London: World oil demand will rise less than previously thought next year and evidence of a “bottoming out” of the recession is patchy at best, the International Energy Agency (IEA) said on Wednesday.
The outlook from the IEA, which advises 28 consumer countries, follows two other cautious forecasts on oil demand this week. Oil prices eased following its release and were trading below $70 a barrel.
“Evidence of a bottoming out of the recession is still a bit patchy. The latest data on industrial production for some of the larger countries remains negative,” David Martin, analyst at the IEA, told Reuters.
“There is not clear evidence yet we have seen the worst.”
World oil demand will rise by 1.3 million barrels per day (bpd) in 2010 to average 85.3 million bpd, the Paris-based IEA said in its latest monthly report. The increase is 100,000 bpd less than previously forecast.
The agency also revised upwards global outright demand in 2010 by 70,000 bpd on the basis of higher fuel use in Asia and made a larger upward adjustment for 2009 demand, which is now assessed at 83.9 million bpd.
That barely changes the sharp contraction in world oil demand expected in 2009 because of the recession, the IEA said, forecasting fuel use this year would be 2.35 million bpd lower than in 2008.
The IEA cited a contraction in industrial production as a major limitation on demand and said global gas oil consumption — a key indicator of economic health — was significantly subdued.
Only China and India were registering growth in industrial production and elsewhere production was still contracting, although the pace of contraction had slowed.
“Despite the amelioration of some economic indicators in a few countries, the most that can be said is that the global economy may be stabilising,” the IEA said in its report.
No Inventory Decline
Partly because of insipid summer gasoline demand in the US, the drawdown in fuel inventories typical of this time of year has not happened.
The IEA said stocks in developed countries still equated to 61.7 days of future demand at the end of June, unchanged from the previous month, which was revised lower from July’s report.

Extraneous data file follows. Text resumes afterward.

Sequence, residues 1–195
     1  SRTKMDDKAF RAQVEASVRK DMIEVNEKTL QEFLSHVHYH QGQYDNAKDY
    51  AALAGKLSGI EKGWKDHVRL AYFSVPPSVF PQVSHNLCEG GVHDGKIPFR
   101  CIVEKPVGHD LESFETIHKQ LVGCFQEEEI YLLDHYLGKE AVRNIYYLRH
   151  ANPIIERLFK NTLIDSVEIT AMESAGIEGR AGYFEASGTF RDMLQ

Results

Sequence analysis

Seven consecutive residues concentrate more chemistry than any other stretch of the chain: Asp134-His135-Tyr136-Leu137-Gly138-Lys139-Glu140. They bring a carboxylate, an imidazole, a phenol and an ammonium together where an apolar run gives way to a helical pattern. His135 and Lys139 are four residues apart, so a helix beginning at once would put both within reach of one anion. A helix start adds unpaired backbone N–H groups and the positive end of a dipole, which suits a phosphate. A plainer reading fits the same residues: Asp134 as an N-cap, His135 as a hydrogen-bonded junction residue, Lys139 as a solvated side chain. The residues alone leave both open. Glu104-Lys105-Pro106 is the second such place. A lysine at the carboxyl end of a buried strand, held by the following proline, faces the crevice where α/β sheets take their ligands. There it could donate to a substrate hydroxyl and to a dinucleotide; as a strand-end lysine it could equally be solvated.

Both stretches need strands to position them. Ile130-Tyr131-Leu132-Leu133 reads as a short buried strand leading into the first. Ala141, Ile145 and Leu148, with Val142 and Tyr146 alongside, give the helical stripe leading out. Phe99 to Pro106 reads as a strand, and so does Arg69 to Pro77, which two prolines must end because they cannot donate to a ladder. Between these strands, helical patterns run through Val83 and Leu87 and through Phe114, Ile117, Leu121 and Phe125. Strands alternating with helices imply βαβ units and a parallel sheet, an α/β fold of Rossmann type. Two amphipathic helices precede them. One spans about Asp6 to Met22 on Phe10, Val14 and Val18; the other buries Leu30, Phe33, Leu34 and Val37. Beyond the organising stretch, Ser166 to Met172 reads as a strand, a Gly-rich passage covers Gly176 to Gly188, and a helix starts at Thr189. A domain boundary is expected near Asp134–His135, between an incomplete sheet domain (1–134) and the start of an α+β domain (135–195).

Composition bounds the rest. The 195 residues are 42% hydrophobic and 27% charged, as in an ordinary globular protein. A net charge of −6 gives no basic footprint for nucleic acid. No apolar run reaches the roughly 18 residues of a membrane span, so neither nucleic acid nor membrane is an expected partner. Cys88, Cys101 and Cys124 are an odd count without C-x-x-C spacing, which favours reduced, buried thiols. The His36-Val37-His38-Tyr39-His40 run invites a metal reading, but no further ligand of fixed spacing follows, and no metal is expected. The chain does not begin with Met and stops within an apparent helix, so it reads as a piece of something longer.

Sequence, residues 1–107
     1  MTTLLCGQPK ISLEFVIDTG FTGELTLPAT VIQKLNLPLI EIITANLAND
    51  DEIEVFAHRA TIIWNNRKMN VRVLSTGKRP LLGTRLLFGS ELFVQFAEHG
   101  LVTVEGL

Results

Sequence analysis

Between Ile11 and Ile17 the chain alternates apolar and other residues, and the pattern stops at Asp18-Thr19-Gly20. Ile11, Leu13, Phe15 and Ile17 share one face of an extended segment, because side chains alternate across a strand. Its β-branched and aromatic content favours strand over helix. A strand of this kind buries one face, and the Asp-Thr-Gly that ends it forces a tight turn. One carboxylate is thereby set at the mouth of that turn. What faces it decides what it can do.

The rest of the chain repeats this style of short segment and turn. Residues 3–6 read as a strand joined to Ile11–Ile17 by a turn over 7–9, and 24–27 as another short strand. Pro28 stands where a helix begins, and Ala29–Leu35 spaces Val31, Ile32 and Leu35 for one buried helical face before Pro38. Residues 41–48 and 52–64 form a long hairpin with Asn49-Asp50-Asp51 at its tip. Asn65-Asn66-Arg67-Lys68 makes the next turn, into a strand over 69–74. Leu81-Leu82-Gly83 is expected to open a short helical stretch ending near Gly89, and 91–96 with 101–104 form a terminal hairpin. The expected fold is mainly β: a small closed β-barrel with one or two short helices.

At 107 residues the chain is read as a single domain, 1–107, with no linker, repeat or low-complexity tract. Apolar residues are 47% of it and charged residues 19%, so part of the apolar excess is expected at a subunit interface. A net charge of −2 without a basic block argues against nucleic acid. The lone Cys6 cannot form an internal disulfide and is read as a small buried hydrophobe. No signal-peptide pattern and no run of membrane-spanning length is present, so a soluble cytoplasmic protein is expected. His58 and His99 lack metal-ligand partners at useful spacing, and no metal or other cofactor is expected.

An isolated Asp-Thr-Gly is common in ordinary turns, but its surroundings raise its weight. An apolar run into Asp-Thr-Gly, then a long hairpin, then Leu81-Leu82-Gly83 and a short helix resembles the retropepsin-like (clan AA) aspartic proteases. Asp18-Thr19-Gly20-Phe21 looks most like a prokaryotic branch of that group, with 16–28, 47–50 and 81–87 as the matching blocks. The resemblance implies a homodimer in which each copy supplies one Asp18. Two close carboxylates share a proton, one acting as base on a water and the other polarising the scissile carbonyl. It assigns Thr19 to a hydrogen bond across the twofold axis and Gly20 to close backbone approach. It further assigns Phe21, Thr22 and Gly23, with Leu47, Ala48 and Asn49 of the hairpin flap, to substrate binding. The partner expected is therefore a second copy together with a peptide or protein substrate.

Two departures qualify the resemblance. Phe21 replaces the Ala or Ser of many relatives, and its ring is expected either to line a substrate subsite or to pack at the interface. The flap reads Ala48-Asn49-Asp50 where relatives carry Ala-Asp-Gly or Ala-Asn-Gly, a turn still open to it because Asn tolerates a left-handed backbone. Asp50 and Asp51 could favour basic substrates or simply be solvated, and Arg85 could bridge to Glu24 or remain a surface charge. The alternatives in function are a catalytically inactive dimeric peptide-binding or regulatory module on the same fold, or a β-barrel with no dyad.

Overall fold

Global oil supply rose by 570,000 bpd in July to 85.1 million bpd, of which around two thirds came from non-Opec countries.
Still, compared with July last year, global oil supply has contracted by 2.6 million bpd, almost entirely because of Opec crude production cuts.
Output from the Organization of the Petroleum Exporting Countries fell in July by around 100,000 bpd to 28.64 million bpd, the IEA said, citing record low output from Nigeria.
Production by the 11 Opec members with output targets, which exclude Iraq, was down by 120,000 bpd at 26.12 million bpd — 1.28 million bpd above the group’s agreed production ceiling.
Other estimates of Opec supply, including figures given by Opec in a report on Tuesday, found output rose in July. The IEA estimates Saudi Arabia pumped 8.3 million bpd in July, 250,000 bpd more than Opec’s figure.
Total non-Opec supply for 2009 was revised upwards by 160,000 bpd, chiefly because of stronger-than-expected Russian output. It is now seen at 51 million bpd in 2009 and will rise by 440,000 bpd in 2010.
Demand for Opec crude, which averages 27.7 million bpd in 2009 and 27.8 million bpd in 2010, is trimmed slightly for the second half of this year and next year as the higher non-Opec supply offsets the impact of more consumption.
The IEA is the last of three major forecasters to issue monthly oil reports this week.
On Tuesday, Opec said the world would need less oil than previously thought from its members in 2010, and the US Energy Information Administration lowered its 2009 world demand estimate.